RG7802 (also known as CEA CD3 TCB or RO6958688) is an investigational antibody-based cancer therapy being developed by Hoffmann-La Roche. It is currently being studied for the treatment of several types of solid tumors that produce a cell-surface protein called carcinoembryonic antigen (CEA). CEA is found in excess in several types of cancer.
How RG7802 works
RG7802 is a bispecific antibody, which is a protein engineered to bind simultaneously to two different target molecules. It is designed to bind simultaneously to CEA on tumor cells and to the CD3 receptor present on specialized immune cells called T-cells. This brings T-cells into close proximity to the cancer cells. RG7802 potentially leads to T-cell activation, migration to the tumor microenvironment, and subsequent tumor cell killing.
RG7802 in clinical trials
Preclinical studies demonstrated that RG7802 led to effective anti-tumor activity in solid tumors that were poorly infiltrated by immune cells.
An ongoing open-label, multicenter, dose-escalation Phase 1 clinical trial (NCT02324257) aims to evaluate the safety and anti-tumor activity of RG7802 as a single agent in patients with advanced CEA-positive solid tumors that have progressed on standard treatment. The study is currently recruiting patients across the U.S., Canada, and Europe, and is expected to be completed by 2018.
Another ongoing open-label, multicenter, dose-escalation Phase 1b expansion trial (NCT02650713) is evaluating the safety and anti-tumor activity of RG7802 in combination with Tecentriq (atezolizumab) in patients with advanced CEA-positive solid tumors, including metastatic colorectal cancer (mCRC) that has progressed after at least two prior chemotherapy cycles. The study is currently recruiting patients across the U.S., Canada, and Europe, and is expected to be completed by 2019.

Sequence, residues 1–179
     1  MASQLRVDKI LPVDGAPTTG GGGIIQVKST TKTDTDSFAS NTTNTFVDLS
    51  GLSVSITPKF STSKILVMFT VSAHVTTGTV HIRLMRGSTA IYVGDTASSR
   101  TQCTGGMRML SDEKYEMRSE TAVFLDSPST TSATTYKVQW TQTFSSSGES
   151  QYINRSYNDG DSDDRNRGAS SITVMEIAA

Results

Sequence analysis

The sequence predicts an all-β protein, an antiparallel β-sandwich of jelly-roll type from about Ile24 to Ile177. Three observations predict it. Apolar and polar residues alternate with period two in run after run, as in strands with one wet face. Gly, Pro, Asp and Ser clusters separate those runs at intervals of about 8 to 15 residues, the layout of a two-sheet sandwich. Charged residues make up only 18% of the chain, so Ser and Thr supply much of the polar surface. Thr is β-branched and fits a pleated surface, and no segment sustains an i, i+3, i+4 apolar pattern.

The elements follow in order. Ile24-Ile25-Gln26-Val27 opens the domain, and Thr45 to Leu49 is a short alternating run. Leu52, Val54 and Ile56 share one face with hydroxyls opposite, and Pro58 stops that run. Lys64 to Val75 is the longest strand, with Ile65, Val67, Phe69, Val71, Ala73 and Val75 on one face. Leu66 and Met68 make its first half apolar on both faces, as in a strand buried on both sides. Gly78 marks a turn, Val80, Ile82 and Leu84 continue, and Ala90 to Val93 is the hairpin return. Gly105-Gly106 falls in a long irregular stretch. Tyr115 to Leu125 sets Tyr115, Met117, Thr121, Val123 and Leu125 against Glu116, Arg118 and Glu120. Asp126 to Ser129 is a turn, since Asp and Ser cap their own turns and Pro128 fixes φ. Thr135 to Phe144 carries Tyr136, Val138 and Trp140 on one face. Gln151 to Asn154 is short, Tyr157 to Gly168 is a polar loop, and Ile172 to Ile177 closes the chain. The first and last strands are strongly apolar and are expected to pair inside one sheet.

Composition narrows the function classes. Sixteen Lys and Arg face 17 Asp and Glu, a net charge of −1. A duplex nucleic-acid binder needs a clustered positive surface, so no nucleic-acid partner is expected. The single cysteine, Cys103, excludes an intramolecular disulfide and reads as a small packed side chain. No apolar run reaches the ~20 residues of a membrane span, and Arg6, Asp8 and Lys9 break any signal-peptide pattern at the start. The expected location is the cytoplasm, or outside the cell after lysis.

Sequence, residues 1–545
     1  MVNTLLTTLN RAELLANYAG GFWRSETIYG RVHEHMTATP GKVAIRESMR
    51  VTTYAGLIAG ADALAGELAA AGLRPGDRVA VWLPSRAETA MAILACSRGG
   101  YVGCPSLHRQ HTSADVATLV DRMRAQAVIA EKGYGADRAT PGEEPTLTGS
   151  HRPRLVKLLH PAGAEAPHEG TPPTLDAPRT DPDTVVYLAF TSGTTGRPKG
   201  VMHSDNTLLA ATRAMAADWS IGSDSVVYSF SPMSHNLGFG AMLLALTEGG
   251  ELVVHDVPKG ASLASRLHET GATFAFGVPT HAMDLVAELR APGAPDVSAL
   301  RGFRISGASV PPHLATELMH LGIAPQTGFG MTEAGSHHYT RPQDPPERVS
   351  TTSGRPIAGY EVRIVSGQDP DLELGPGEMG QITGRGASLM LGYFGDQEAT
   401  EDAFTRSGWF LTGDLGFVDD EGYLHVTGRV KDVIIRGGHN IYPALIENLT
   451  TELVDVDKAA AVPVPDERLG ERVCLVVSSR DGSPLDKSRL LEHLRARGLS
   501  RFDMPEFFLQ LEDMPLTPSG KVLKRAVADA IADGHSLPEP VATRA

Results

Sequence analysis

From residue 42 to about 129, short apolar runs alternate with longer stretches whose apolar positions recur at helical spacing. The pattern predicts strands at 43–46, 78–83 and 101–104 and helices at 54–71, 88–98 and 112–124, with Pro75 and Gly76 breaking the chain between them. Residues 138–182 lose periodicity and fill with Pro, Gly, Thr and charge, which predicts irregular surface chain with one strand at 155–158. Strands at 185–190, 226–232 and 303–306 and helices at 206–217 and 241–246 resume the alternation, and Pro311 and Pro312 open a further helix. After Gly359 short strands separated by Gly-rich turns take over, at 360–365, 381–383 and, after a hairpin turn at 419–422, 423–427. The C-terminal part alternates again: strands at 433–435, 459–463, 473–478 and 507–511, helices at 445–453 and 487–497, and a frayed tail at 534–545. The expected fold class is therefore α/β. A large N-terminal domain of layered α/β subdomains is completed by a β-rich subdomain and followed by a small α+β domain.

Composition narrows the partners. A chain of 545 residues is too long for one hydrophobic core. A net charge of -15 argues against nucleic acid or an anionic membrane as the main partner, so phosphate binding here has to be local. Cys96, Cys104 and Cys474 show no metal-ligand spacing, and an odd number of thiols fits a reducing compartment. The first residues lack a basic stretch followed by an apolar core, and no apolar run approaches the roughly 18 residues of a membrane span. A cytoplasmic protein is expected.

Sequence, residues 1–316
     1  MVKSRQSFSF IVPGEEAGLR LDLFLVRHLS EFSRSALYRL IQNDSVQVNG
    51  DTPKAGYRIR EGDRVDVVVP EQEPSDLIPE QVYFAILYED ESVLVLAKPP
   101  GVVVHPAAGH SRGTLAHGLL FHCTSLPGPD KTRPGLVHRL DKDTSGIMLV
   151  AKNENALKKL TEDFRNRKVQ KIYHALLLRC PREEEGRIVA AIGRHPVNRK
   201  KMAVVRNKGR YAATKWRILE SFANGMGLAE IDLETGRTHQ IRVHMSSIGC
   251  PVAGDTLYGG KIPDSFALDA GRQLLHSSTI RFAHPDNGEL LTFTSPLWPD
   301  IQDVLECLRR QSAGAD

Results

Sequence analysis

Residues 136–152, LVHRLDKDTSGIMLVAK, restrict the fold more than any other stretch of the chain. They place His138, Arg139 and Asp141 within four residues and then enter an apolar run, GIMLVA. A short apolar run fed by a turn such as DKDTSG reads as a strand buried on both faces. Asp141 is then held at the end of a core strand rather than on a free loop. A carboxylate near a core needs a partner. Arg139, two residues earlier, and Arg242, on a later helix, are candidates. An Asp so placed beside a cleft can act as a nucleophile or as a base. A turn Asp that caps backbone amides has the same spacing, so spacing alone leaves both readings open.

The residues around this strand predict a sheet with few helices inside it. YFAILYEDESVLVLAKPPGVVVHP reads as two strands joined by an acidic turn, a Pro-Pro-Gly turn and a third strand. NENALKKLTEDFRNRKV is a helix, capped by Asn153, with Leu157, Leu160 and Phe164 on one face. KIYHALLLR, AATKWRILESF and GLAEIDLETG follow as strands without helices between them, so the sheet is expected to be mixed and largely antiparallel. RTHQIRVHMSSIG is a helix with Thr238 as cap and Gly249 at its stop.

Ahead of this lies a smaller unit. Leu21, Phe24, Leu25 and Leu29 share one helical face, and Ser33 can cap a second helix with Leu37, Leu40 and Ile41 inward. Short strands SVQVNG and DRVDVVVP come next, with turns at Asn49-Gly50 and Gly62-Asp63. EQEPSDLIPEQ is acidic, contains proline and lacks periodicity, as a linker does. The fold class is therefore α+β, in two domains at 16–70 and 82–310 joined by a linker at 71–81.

Preliminary results from both studies demonstrated the potent anti-tumor activity of RG7802 at doses of 60 mg or above, with immune cells populating the tumor within few days. RG7802’s anti-tumor activity was further enhanced when used in combination with Tecentriq, and it had a manageable safety profile.
In a subgroup of 31 patients with mCRC treated with RG7802 as a single agent at a dose above 60 mg, 45% of patients showed either a partial response or stable disease. In the subgroup of 11 patients treated with RG7802 at doses of 80 and 160 mg combined with Tecentriq, 82% of patients showed a partial response or stable disease.
Another open-label, multicenter, randomized Phase 1b/2 study (NCT03337698) aims to evaluate the safety and effectiveness of several immunotherapy combinations including RG7802 in patients with advanced non-small cell lung cancer. The trial is currently recruiting participants in the U.S., Australia, South Korea, and Europe, including the U.K.
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